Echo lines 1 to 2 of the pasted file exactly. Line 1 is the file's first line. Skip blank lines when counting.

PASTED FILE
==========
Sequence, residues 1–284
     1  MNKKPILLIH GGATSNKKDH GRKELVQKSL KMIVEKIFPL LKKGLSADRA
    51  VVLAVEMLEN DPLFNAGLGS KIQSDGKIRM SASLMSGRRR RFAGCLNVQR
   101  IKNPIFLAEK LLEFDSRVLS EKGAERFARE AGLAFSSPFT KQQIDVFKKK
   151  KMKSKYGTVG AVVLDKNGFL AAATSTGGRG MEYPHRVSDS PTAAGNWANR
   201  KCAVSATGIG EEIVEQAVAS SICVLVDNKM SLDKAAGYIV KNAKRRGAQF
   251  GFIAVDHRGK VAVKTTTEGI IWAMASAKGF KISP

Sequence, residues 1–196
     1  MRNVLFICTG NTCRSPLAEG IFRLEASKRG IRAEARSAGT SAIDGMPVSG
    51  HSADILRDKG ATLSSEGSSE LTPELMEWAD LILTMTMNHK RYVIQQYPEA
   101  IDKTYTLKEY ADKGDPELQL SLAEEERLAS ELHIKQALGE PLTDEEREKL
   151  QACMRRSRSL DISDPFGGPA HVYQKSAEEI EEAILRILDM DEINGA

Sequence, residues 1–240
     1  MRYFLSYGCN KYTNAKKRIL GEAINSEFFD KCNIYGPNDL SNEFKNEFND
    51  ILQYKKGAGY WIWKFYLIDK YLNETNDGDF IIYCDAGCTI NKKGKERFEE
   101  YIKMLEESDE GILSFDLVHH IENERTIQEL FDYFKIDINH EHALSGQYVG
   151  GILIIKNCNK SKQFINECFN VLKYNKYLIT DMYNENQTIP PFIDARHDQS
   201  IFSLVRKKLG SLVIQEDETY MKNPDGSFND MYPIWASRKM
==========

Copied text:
Sequence, residues 1–284
     1  MNKKPILLIH GGATSNKKDH GRKELVQKSL KMIVEKIFPL LKKGLSADRA